Explore the Fukibata Highlands. Feel the cool, relaxing breeze on your face as you slip into the healing waters of an outdoor onsen hot spring. Wander the old roads and surround yourself with the beauty of nature. Step into a traditional woodworker’s shop to see countless generations of skill and care on display.
And before you head home, why not drop by another onsen? There’s plenty of them up here – each has its own unique charms.
Kiso Pass (Odaira-toge Pass) – Kiso-mi Chaya (One of the 100 Shinshu Sunset Point Views)
The observation deck nearby Kiso-mi Chaya at Odaira-toge Pass affords such a stunning view that it was selected as one of the top 100 most beautiful viewing spots in Nagano prefecture (the 100 Shinshu Sunset Point Views). Kiso Pass is worth visiting at any time of day, and any time of year, but is particularly beautiful on fall days, when the sunset transforms the fall leaves below into a sea of brown, red, and gold that seem to transport one into another world entirely.
Fukibata Highlands Onsen Area (Takimi Onsen Inn, Hotel Fukinomori)
The Fukibata Highlands Onsen Area offers several hotels with relaxing alkaline hot springs, delicious meal, and comfortable rooms for a good night’s sleep.
The Fukibata Highlands Peach Blossoms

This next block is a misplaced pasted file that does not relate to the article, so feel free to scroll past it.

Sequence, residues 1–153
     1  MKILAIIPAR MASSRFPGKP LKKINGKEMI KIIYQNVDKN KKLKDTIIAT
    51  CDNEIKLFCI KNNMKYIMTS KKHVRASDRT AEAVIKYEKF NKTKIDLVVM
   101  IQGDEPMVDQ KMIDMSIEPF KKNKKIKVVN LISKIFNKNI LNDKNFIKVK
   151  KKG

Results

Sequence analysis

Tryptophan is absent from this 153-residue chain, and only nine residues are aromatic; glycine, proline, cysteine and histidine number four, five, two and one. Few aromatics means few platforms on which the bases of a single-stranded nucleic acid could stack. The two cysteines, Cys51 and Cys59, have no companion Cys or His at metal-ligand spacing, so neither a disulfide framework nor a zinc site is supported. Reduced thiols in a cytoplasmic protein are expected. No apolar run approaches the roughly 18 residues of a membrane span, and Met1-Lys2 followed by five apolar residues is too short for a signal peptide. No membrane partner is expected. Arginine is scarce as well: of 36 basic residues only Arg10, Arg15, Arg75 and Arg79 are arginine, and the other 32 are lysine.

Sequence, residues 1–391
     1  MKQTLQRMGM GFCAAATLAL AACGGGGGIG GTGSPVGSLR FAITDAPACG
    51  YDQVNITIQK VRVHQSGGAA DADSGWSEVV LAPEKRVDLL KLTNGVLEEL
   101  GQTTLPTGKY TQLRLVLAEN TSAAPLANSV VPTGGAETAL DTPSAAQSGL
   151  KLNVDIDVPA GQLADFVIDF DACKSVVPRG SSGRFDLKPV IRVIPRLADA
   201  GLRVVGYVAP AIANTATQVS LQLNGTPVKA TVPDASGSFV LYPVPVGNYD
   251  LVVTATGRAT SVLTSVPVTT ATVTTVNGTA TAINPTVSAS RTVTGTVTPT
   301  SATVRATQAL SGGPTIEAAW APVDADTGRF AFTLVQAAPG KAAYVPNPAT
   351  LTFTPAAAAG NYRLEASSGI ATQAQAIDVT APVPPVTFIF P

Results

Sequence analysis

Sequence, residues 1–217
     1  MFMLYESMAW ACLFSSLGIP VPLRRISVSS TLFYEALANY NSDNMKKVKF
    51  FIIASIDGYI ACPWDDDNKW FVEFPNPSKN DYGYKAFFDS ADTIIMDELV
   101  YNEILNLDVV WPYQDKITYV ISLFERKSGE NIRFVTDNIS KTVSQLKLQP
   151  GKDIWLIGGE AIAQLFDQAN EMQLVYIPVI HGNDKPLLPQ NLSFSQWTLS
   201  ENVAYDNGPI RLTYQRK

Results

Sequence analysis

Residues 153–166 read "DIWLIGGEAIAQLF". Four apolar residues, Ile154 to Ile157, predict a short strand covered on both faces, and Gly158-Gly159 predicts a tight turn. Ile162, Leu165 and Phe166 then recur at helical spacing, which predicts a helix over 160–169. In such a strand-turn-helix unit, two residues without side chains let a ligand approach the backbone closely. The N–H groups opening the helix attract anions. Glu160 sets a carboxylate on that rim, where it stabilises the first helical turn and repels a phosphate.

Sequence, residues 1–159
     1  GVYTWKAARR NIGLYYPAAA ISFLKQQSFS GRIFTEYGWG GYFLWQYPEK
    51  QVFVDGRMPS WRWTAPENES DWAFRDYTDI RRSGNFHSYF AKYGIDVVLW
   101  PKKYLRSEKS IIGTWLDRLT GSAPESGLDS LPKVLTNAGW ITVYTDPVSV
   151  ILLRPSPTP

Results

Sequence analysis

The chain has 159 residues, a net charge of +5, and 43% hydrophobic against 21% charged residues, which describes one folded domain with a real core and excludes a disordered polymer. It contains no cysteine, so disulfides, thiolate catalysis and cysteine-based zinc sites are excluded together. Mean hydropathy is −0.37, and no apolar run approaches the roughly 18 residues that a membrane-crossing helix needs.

If you’re lucky enough to visit the 1,000 meter-high Fukibata Highlands Onsen Area in spring, you’ll be treated to beautiful plum blossoms in striking shades of white, red, and pink. The best time to see the peach blossoms is generally at the beginning of April, around the Golden Week holidays.
Odaira-toge Kenmin-no-mori Campground (Mt. Natsuyake)
The Kenmin-no-mori campground is located on the border between Nagiso and Ida City, and sits atop an extensive 248-hectare highland with elevations of between 1,300 and 1,500 meters above sea level. Here one can wander scenic paths among natural woodland containing hinoki (Japanese cypress), Sawara (a separate species of Japanese cypress), Buna (Japanese beech), and Karamatsu (Japanese larch). The summit of Mt. Natsuyake also affords panoramic views of mountains, including the particularly scenic Mt. Nagiso, Mt. Ontake, and Mt. Norikura.
Kijishi no Sato
During the Meiji period several kijishi (a kind of skilled woodworker who often worked with a lathe) gathered together to found a village in the Urushibatake neighborhood of modern-day Nagiso. The formidable skills of these kijishi have been passed down through the generations, and today the area is known as Kijishi no Sato (Kijishi Village). Kijishi no Sato is home to a great variety of wooden crafts, and it’s said that the delightful scents of wood drift through the air at all times of day.